By Shlomoh Sherman
April, 1998

This essay and the one following will discuss the unfortunate (but limited) instances of city destruction and forced conversion.

To begin with, it is true that the Hexateuch does contain commandments to kill the Canaanites and the book of Joshua does contain stories of the decimation of cities and their populations, you can find examples of two such slaughters only. The first is the destruction of Jericho and the second is the story of the destruction and consecration to G-d of the city of Ai.

Beyond the book of Joshua, you do not find any more such tales. Even in the Book of Judges which is really the story of the Subjugation of the Land, there are no stories of elimination of populations. There are only stories of war and conquest.

By the time we get to First Samuel, there are not even stories of Canaanites anymore. From then on, there are stories of the Philistines subduing the Israelites (NOT the Jews; there were not yet any such thing as Jews), and the subsequent fight on the part of Israel to free itself from the Philistine yolk.

When we get to the First Book of Kings, all the non-Hebrew populations have been conquered and the gentile peoples BROUGHT IN as part of the Kingdom of Israel. In this period both Philistine and Canaanite retain their own identities. They are merely non-Hebrew subjects of the Hebrew state. Throughout the rest of the Books of Kings and Chronicles, there is no talk of killing anyone who is a resident of the Land.

The whole emphasis seems to be on the part of the prophets to stop Israel from doing what it does for centuries, namely, to dwell with the gentile residents, to interact with them socially and religiously. This is a far cry from slaughtering them. Centuries pass and the Hebrews and their gentile co-residents have an amicable relationship, with non-Israelites holding high government positions. The GENERAL picture we see in the TANACH is one in which Israel and the resident gentiles dwell in peace together as one nation.

Now let's get back to Joshua. I made a statement early on that there were "only" two stories of two cities which were exterminated. Even though in the Pentateuch there are several repetitions of commandments to slaughter, the vast majority of the time, these commandments were ignored by the Israelites. And when the slaughter DID take place, it was during a time of war between Israel and the Canaanites. It wasn't the masacre of helpless, law abiding citizens as you had in medieval Europe.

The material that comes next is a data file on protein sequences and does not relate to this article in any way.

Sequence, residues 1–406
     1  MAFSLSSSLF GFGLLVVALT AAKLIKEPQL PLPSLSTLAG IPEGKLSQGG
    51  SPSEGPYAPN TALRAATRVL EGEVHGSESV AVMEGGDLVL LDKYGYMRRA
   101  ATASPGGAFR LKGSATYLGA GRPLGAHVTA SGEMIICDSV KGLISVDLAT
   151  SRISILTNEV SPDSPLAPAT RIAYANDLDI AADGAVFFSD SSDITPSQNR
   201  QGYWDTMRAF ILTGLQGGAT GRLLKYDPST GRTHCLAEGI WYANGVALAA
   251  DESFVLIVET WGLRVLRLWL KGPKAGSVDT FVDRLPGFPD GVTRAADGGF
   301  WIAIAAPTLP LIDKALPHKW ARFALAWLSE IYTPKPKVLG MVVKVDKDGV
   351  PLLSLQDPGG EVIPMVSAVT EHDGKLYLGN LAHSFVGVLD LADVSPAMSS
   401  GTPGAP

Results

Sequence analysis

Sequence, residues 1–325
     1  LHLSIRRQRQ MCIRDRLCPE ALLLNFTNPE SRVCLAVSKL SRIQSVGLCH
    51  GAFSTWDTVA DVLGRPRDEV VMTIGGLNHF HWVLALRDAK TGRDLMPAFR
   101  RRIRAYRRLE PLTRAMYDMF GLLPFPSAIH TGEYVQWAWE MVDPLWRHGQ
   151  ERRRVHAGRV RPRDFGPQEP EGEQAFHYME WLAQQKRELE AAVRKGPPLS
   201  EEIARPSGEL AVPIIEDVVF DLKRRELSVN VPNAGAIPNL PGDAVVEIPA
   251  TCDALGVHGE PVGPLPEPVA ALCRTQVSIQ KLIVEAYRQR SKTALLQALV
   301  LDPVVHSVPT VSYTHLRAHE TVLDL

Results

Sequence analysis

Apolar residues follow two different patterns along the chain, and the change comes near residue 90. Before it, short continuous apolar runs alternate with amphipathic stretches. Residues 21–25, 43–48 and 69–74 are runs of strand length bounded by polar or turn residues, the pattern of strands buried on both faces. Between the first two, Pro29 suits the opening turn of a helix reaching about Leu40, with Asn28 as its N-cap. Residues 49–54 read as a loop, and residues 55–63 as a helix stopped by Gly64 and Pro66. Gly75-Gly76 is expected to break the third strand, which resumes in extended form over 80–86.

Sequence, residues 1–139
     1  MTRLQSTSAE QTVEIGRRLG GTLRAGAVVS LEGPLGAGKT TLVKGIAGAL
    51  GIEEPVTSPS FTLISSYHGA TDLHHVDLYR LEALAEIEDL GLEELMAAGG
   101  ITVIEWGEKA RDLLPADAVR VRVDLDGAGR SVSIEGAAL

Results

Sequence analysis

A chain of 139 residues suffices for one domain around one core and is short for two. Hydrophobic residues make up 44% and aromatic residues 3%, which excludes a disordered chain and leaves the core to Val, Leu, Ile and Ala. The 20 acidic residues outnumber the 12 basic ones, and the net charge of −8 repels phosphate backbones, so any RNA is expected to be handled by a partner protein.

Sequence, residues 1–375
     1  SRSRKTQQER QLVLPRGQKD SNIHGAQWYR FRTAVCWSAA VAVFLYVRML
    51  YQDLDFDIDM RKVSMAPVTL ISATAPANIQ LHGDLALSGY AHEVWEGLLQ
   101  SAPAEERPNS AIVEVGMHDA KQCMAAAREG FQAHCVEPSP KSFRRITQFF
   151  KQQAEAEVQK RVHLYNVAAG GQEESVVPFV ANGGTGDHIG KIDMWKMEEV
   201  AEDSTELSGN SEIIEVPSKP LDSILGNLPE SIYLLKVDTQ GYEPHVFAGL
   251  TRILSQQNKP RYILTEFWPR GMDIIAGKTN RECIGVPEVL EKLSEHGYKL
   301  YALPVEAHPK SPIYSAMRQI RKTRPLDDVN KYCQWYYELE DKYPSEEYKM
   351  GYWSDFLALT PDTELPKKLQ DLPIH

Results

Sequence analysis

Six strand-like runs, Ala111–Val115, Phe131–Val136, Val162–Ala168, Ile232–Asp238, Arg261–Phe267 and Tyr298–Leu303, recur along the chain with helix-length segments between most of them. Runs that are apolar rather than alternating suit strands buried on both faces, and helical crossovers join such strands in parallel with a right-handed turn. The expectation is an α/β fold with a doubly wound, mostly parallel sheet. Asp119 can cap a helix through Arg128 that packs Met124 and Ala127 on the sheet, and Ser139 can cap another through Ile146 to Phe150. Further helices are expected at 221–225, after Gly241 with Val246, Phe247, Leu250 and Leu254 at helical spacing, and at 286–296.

Now I want to state that the word "only" should not be taken lightly as a throw away word. When we speak of ONLY two exterminations, we are nevertheless speaking of EXTERMINATIONS, and it is a horrible thing to contemplate that there is such a thing present in the Hebrew Scriptures. That two city tribes were completely destroyed is horrible, and I personally think that it should not have happened. If I were G-d, I would not have given orders for genocide. But I am not G-d; I am only a person who is Jewish and whose ancestors committed those acts AS AN ABERATION IN HEBREW HISTORY, and I think it was wrong.

I do not justify the scriptures the way some Christians do. I think it's awfull which is more than I have heard Christians say when you think about the verses in Thessalonians which state that "the Jews" are a race not pleasing to G-d or men, and Christians think that it is perfectly ok to have those verses. OR for the Gospel According to John to state that "the Jews" are children of the devil, and for Matthew to say that "the Jews" have the blood of Jesus on their hands for eternity. These are MAJOR themes in the New Testament; the MAJOR theme that if Jesus is right, "the Jews" must be wrong.

Where in Judaism does it say that the Christians must be wrong, or that they are condemned to hell for not believing what Jews believe? Nowhere! In fact, it does say that ALL RIGHTEOUS PEOPLE have a share in the next world. Yet the major themes of the Christian Scriptures have so poisoned the minds of people by the constant repetition on the part of their religious leaders that I propose to show here in these essays how the very scriptures of Christianity led directly to the Holocaust, and how they contributed to the extermination of Jews for the past two thousand years as a MAJOR THEME.

Lastly, none of us says that the Canaanites were a people INTRINSICALLY evil who deserved to suffer and die over and over until they "see the light" or that they had horns and tails, or that they were the killers of G-d. Only Christianity and its scriptures have that distinction.

See the following essay on the Essays Index

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